An inspiring reconception of the India-China border as a space for the fluid exchange of culture, trade, and government
Challenging the Westphalian view of international relations, which focuses on the sovereignty of states and the inevitable potential for conflict, the authors from the Borderlands Study Group reconceive borders as capillaries enabling the flow of material, cultural, and social benefits through local communities, nation-states, and entire regions. By emphasizing local agency and regional interdependencies, this metaphor reconfigures current narratives about the China India border and opens a new perspective on the long history of the Silk Roads, the modern BCIM Initiative, and dam construction along the Nu River in China and the Teesta River in India.
Together, the authors show that positive interaction among people on both sides of a border generates larger, cross-border communities, which can pressure for cooperation and development. India China offers the hope that people divided by arbitrary geo-political boundaries can circumvent race, gender, class, religion, and other social barriers, to form more inclusive institutions and forms of governance.
L. H. M. Ling is Professor of International Affairs at The New School in New York, USA.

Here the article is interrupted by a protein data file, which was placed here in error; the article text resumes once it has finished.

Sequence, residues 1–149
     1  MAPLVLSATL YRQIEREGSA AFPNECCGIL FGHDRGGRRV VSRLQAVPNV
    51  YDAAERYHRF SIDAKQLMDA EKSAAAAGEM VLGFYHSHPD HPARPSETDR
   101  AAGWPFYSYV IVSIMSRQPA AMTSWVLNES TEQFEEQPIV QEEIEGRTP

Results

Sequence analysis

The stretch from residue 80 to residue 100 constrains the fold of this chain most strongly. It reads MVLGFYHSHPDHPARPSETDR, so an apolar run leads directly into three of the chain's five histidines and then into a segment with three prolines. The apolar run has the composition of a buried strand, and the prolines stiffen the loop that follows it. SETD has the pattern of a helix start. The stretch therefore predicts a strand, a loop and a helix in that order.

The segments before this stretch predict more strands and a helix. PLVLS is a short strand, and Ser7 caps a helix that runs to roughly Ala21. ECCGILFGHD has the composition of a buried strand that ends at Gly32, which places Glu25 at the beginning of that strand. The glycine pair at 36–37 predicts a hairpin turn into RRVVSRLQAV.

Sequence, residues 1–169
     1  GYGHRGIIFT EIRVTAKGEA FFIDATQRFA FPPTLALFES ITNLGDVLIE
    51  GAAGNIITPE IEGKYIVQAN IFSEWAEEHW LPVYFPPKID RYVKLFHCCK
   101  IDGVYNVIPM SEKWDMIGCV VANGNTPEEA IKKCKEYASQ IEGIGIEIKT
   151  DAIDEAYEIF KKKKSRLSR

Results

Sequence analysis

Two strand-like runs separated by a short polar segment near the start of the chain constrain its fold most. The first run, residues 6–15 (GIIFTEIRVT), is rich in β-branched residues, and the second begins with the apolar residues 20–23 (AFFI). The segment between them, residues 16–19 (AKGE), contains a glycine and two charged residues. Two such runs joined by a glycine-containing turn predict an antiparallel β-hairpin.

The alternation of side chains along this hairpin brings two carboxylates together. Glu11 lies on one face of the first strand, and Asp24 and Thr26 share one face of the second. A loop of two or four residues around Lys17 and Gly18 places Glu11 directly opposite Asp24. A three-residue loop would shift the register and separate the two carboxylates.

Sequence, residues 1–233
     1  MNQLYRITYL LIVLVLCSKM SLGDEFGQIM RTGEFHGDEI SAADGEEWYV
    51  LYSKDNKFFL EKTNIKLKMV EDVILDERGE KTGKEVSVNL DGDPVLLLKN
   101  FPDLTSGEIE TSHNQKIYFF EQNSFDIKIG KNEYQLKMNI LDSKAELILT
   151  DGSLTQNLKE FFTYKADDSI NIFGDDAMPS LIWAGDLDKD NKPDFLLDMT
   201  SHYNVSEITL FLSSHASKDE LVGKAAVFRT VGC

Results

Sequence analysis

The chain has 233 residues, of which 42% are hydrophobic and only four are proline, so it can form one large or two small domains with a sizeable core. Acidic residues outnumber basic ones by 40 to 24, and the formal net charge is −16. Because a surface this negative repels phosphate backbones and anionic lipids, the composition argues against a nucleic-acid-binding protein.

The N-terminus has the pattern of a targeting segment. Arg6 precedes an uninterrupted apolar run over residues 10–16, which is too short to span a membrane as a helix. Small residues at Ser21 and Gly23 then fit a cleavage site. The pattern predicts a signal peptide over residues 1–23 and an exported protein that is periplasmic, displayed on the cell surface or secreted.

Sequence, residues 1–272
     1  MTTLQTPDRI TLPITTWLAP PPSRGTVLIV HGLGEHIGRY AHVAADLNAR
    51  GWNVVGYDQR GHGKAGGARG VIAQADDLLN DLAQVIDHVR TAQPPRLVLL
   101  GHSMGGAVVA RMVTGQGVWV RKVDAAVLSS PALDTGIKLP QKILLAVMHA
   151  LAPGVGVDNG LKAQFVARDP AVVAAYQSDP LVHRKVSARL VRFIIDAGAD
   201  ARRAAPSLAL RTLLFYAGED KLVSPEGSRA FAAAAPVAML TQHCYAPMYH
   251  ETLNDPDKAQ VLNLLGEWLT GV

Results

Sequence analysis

Adriana Erthal Abdenur is a Fellow with the Igarapé Institute, in Rio de Janeiro, and a Productivity Scholar with the Brazilian National Council for Technological and Scientific Development (CNPq). Payal Banerjee is an Associate Professor with the Department of Sociology at Smith College in Northampton, MA.
Nimmi Kurian is an Associate Professor at the Centre for Policy Research (CPR) in New Delhi, India, and India Representative, India China Institute, The New School, New York.
Mahendra P. Lama is a Professor in the School of International Studies at Jawarhalal Nehru University (JNU) in New Delhi, India.
Li Bo is a part-time consultant for environmental grant-making in China and chief editor of the Green Cover Book: Annual Review of China’s Environment, a Chinese publication. At the same time, he runs a small organic farm by Lake Huron in Canada.
“Ling and the Border Studies Group present a unique perspective on an important but understudied border: India and China. A landmark book in border studies, critical international relations theory, and the India/China border.”
—Mark Salter, University of Ottawa
“Emerging from a genuinely interdisciplinary and cross-cultural collaboration, this book offers both theoretical and practical insights into one of the most salient issues in global politics: the rapid rise of China and India.”
—Roland Bleiker, University of Queensland